They were in Colorado when Monica wrapped up that positive pregnancy test. And they were still living there as she neared her 28th week. Then Mike got a job offer from a construction firm in Philadelphia; within a few weeks, they’d put their house on the market, sold nearly all their furniture along with Monica’s car, bought a 20-foot enclosed trailer, attached it to Mike’s GMC Sierra truck, and drove cross-country, with stops every two hours (both for Monica and their pit bull, Darwin) and overnight stays in Omaha, Chicago, and Pittsburgh.

They maneuvered the trailer into Monica’s parents’ development and parked themselves in the guest room for the duration. Monica called the midwife who had delivered her brother’s three children and persuaded her to take a new patient already in her third trimester.

“In a perfect world, I wanted to do an unmedicated labor and delivery,” she says. But in the actual world, her water broke during Sunday night dinner at her sister’s place — “I ran to the bathroom; I thought I couldn’t control my bladder,” she remembers.

Monica was five centimeters dilated by the time they arrived at Einstein Medical Center Montgomery the next morning. “The pain was so bad that I was begging for an epidural.” During two fierce hours of pushing, it was the thought of her daughter — they’d learned the baby’s sex at 20 weeks — that kept her motivated. “I just wanted to meet her so badly. I kept thinking about her coming into the world.”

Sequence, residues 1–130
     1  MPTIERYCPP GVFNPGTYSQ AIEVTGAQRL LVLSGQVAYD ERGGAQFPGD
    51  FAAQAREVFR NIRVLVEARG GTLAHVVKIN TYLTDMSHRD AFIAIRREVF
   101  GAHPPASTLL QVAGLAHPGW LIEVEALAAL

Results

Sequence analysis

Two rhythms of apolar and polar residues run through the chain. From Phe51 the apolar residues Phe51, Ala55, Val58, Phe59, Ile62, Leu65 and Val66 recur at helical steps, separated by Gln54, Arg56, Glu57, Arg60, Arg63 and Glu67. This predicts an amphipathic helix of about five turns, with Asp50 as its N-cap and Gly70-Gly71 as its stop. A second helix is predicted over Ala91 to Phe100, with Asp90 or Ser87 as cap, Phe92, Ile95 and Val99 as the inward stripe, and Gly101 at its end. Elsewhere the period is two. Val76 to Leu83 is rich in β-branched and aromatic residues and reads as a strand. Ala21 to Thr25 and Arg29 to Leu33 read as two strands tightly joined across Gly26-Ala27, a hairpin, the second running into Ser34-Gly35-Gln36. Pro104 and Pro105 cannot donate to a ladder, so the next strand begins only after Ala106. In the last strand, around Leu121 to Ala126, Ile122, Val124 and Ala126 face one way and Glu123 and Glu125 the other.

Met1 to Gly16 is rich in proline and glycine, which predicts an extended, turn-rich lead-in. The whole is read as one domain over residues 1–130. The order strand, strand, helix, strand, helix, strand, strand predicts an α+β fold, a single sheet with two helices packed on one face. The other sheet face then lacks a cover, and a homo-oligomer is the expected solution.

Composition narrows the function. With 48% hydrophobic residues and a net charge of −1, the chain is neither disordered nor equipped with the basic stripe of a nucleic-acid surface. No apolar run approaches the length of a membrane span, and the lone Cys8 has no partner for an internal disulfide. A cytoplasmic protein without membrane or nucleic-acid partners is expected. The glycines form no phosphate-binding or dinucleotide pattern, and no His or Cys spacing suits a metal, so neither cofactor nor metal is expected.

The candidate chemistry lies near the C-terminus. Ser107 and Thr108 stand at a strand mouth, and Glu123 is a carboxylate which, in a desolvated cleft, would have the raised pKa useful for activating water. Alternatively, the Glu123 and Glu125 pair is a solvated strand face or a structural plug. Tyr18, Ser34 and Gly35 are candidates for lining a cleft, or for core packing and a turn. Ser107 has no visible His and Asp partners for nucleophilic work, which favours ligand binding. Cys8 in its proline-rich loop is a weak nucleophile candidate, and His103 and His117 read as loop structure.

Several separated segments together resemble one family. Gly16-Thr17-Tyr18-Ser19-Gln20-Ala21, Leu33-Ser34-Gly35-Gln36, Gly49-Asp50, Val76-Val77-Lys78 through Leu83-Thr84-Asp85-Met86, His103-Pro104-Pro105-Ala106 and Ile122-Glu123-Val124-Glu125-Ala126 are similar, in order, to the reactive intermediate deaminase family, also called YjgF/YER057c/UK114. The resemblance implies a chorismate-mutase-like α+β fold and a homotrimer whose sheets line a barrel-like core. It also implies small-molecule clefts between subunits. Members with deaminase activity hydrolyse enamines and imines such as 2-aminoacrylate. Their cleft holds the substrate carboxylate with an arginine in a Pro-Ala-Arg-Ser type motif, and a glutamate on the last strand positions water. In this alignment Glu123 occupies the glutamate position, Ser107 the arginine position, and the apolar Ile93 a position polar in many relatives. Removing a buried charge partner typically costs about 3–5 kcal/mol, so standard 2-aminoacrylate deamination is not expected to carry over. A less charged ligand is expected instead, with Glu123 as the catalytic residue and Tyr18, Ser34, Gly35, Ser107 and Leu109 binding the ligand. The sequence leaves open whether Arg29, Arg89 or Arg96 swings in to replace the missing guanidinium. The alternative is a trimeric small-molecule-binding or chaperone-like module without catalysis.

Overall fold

When she did, there was a flash of panic. “Both [the midwives’] faces dropped; I could see something was wrong in the final push. One said, ‘Do the somersault,’ which meant to unwrap the umbilical cord from her neck and roll her out. They put her on me, and she wasn’t crying. I said, ‘Is something wrong with her?’ They said, ‘No, she’s just a very chill baby.’ ”

When Addison was a week old — still mellow, though a tongue-tie made nursing almost impossible — the couple signed closing documents on a house in Lansdale and moved in, with an infant, a bedroom set, a couch, and a card table that became their dining area for the next two months.

“My family basically rallied and moved us into the house in two days,” Monica says. “My mom watched the baby while I unpacked my closet. But the craziness of the house didn’t faze me. I was in a state of euphoria the first six weeks.”

For Mike, a self-described “type-A” planner, parenthood was a jolt. “I’ve always challenged myself — in sports, in work. I always aim to get to the next level. Being a new dad, I literally did not know a thing. I had zero experience.”

They miss Colorado: their friends, the mountains, the place where they found one another and established their identities. But here, they’ve found something else: a warm hive of family, the promise of Sunday dinners with cousins and grandparents, the smells of homemade gnocchi and sausage rippling from the kitchen, the recipes they hope Addi will embrace.